Let’s Get Serious About Money
As our teens graduate from high school and move on with their lives, we have to get serious about money, both for them and for ourselves. I watched a TD Jakes show in horror, in which the mom had secretly borrowed money in her daughter’s name and the daughter was saddled with over $150,000 in student loan debt. How could that happen? Was there any thought about what happens once the child graduates from college? Does your child really have to go to an Ivy League school or the college of her dreams, if you can’t afford it? And what about you? Have you thought of your life after the children have left home? Are you ready for the retirement that will inevitably come?
1. Live in your truth
Parents have to be honest with themselves, and with their teens. Is it really necessary to keep up with the “Joneses”, to the detriment of our families? Hopefully even before now, you’ve talked to your teens about applying for scholarships. There are numerous websites and apps for applying for scholarships. Examples are Marianne Ragin’s scholarshipworkshop.com or the Scholly app for finding scholarships. Most colleges also have scholarship programs and stipends teens can apply for. Hopefully, you set up education funds for your children, if they are going off to college. Generally, cashing out your retirement or savings to pay for college tuition is not a great idea. Your kids can borrow money if necessary to fund their college education but you can’t borrow money to fund your retirement. If your teens take out loans, make sure they realize it is not free money and it has to be paid back. They have to learn to live within their means. For those who get income based tuition money they must be taught the responsibility which this comes with. I have known some students go to school on a free ride and literally drink their way to losing the money. We have to teach our teens responsibility and gratitude no matter how the family is paying for college. even if they receive scholarship money.
2. What about you?
What about you? Have you thought of your life when your children finally leave home, whether for college or to work? Have you planned for your day to day life? Most parents dream of being free to travel and having fun once their children leave home but can you actually afford to do that? If your child is going to school out of state did you factor in travel expenses for your child and most likely for you? According to a 2016 GOBanking Rates survey, 69 % of Americans have less than $1,000 dollars in their savings. Perhaps rather than traveling and living large on your monthly paycheck, this is the time to get serious and start saving regularly. Start putting aside a small amount of money into your rainy day fund. It is better if it is automated with each paycheck so you never even see the money. It is never too late to start. The thing is to start now, putting aside something, no matter how small the amount of money is. Also think of your life insurance. Do you have enough life insurance for your family should the unexpected happen. If you have a term policy, make sure it is still active and the term has not expired. It really is time to refocus on yourself and start getting your financial life in order if you haven’t done so already.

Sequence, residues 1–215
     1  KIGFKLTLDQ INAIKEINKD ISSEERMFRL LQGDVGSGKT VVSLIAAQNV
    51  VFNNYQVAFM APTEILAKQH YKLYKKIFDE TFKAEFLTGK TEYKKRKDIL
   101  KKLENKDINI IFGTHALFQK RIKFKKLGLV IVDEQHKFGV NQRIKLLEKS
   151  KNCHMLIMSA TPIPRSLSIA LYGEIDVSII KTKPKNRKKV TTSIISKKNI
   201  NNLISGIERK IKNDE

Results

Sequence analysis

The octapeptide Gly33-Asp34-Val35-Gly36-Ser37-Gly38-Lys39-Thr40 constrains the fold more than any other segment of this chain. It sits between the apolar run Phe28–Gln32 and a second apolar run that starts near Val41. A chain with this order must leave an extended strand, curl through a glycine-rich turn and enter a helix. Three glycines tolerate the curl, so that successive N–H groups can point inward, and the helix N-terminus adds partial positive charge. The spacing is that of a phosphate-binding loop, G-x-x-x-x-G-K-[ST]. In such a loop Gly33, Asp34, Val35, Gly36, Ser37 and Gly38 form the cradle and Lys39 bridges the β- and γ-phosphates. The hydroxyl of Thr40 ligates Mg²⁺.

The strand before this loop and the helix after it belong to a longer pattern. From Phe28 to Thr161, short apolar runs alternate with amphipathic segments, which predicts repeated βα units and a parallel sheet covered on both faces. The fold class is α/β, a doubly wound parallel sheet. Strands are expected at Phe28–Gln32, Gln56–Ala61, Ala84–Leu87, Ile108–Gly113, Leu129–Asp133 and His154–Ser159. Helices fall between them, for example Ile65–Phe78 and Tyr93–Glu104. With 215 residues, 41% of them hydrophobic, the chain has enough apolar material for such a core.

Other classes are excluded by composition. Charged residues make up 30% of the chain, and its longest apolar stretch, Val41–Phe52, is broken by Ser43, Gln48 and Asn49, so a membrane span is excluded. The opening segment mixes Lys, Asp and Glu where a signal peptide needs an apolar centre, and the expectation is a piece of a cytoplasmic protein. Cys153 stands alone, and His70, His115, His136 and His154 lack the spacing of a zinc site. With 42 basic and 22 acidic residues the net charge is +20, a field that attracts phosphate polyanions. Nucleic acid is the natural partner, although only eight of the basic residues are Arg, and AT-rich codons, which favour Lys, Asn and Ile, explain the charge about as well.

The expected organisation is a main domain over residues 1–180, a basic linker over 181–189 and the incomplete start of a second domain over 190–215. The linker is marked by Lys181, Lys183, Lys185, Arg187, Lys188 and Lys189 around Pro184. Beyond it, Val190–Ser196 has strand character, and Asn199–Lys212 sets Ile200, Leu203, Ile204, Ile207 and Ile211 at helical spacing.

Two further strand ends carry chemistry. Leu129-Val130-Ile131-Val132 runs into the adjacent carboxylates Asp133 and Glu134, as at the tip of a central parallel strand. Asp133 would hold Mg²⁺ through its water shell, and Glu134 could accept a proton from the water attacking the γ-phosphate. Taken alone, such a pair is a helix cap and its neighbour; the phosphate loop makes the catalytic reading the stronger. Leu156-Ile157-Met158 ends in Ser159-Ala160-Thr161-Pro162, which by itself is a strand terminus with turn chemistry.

3. Are you ready for retirement
Retirement does not have to be a scary proposition if you are ready for it. If you have never thought of what happens after you retire, now may be a good time to take a hard look at your finances. It is often very scary to look at the true picture but it’s better to do something about it now. Most employers have a 401 k plan or some other retirement vehicle you can contribute towards your retirement in. Take advantage of this. It automatically takes the money out of your paycheck and also saves you some taxes. Then be realistic about when you want to retire or even if you can retire. Maybe you may have to switch jobs to ensure some sort of income coming in. Enlist the help of a reputable financial advisor, or your CPA to help you decide what you can do now to ensure a pain and panic free retirement. I won’t even pretend to know all there is to know about retirement savings but I think it is just common sense to realize it is inevitably coming and to prepare for it.
As our kids graduate and go on to college or join the workforce, let’s get serious about money. Don’t get swept into the allure of “the best school” for your child or the glamor of the latest gadgets. Be realistic with your teen and with yourself. What can you afford? How can you help your teen get the best education without sacrificing your future? Don’t take out your retirement to pay for tuition. You may think your teen will help you out in the future but do you really want to place such a burden on your child, when they will have their own responsibilities and their own lives to lead? Take time to talk to a trusted advisor about your future. Save and invest wisely and be smart and plan for your retirement. It is coming, really, whether you are prepared for it or not.
“You must gain control of your money or the lack of it will forever control you.” ~ Dave Ramsey